Government seeks to salvage the Altalena

Government seeks to salvage the Altalena

Irgun vessel at the heart of one of the early state’s enduring controversies may be turned into a monument

Stuart Winer is a breaking news editor at The Times of Israel.

The weapons ship Altalena off the Tel Aviv coastline in 1948 (photo credit: courtesy, Zaltzmans/Arik Bernstein)
The weapons ship Altalena off the Tel Aviv coastline in 1948 (photo credit: courtesy, Zaltzmans/Arik Bernstein)

After confirming its location on the seabed off the Israeli shoreline, the government is now looking to raise the Altalena, the ship that was at the center of an incident that still haunts Israeli society more than 60 years after it was sunk.

Earlier this week a report confirmed to the Knesset that a ship, discovered a few months ago in deep water off the coast of Israel, is in fact the Altalena, Yedioth Ahronoth reported on Wednesday.

A private company discovered the wreck a few kilometers off the coast of Rishon Lezion at a depth of 300 meters. A sonar survey then confirmed the identity of the ship.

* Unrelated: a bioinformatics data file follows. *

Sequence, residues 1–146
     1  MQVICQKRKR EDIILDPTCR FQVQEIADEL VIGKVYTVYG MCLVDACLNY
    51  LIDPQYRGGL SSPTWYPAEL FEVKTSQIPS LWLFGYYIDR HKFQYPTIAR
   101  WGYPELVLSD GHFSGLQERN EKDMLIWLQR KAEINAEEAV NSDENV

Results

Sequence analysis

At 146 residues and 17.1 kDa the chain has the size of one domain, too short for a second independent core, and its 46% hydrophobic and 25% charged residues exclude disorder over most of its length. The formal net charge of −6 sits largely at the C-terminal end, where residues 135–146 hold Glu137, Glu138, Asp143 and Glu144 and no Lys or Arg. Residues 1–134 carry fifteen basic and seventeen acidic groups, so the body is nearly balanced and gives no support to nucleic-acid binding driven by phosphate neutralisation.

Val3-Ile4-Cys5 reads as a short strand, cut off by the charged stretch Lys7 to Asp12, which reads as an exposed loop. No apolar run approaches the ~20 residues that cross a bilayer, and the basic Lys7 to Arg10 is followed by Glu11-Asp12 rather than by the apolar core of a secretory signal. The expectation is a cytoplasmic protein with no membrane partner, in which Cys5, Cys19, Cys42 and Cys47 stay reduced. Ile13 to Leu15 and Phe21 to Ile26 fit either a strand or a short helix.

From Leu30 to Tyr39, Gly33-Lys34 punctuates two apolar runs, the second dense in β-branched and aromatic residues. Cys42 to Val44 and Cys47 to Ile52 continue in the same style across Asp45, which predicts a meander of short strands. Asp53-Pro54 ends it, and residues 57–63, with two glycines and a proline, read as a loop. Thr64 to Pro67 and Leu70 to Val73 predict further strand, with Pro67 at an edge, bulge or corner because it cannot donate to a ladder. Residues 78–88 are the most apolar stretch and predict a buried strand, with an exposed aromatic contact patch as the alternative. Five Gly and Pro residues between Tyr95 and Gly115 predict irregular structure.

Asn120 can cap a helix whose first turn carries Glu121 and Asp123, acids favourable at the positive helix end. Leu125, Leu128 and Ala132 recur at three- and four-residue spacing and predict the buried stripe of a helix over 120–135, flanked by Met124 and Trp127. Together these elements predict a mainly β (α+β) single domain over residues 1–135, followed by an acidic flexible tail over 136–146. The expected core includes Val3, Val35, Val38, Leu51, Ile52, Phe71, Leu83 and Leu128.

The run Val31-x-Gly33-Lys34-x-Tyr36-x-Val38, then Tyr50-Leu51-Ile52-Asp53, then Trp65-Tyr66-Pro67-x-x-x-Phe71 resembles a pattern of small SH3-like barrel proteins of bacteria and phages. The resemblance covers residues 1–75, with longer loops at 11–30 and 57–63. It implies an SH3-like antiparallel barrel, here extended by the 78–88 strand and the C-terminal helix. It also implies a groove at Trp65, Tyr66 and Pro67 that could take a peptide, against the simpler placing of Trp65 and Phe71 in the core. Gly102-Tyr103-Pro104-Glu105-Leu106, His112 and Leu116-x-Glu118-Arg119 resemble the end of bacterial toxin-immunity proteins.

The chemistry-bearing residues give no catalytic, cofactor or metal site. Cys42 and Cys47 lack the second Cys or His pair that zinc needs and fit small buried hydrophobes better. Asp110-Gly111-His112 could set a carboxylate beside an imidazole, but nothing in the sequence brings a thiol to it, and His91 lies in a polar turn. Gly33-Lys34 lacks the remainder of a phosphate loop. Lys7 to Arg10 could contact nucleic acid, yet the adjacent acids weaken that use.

The government is now interested in raising the ship and installing it on dry land as a monument in Tel Aviv or at the Begin Heritage Center in Jerusalem.

The first stage of the project will be to photograph the wreck to assess its condition. The Israeli Navy is likely to be tasked with raising the ship, rather than a private company that would charge hundreds of thousands of dollars, the report said.

Knesset House Committee chairman MK Yariv Levin (Likud), a driving force behind the scheme, said photographing the Altalena is important in order to provide closure for those who were witnesses to the event.

The ship, carrying a large consignment of arms and weapons, was brought to Israel in June 1948 by Menachem Begin’s Irgun militia during the country’s War of Independence. However, the nascent David Ben-Gurion government, at bitter odds with Begin, demanded that the ship and its supplies be turned over to the newly formed Israel Defense Forces. As the ship reached the coast and then ran aground, a standoff ensued that ended in a shootout between Irgun members aboard and IDF soldiers on the shore who were ordered to destroy the vessel. The ship was set ablaze by a cannon that was allegedly under the command of a young Yitzhak Rabin, later the IDF chief of General Staff and prime minister.

Sixteen Irgun members and three IDF soldiers died in the incident and the ship’s cargo was lost. A year after the clash, the ship was towed out to sea and sunk.

The incident remains at the center of a bitter controversy between the right and left wings of Israeli politics.

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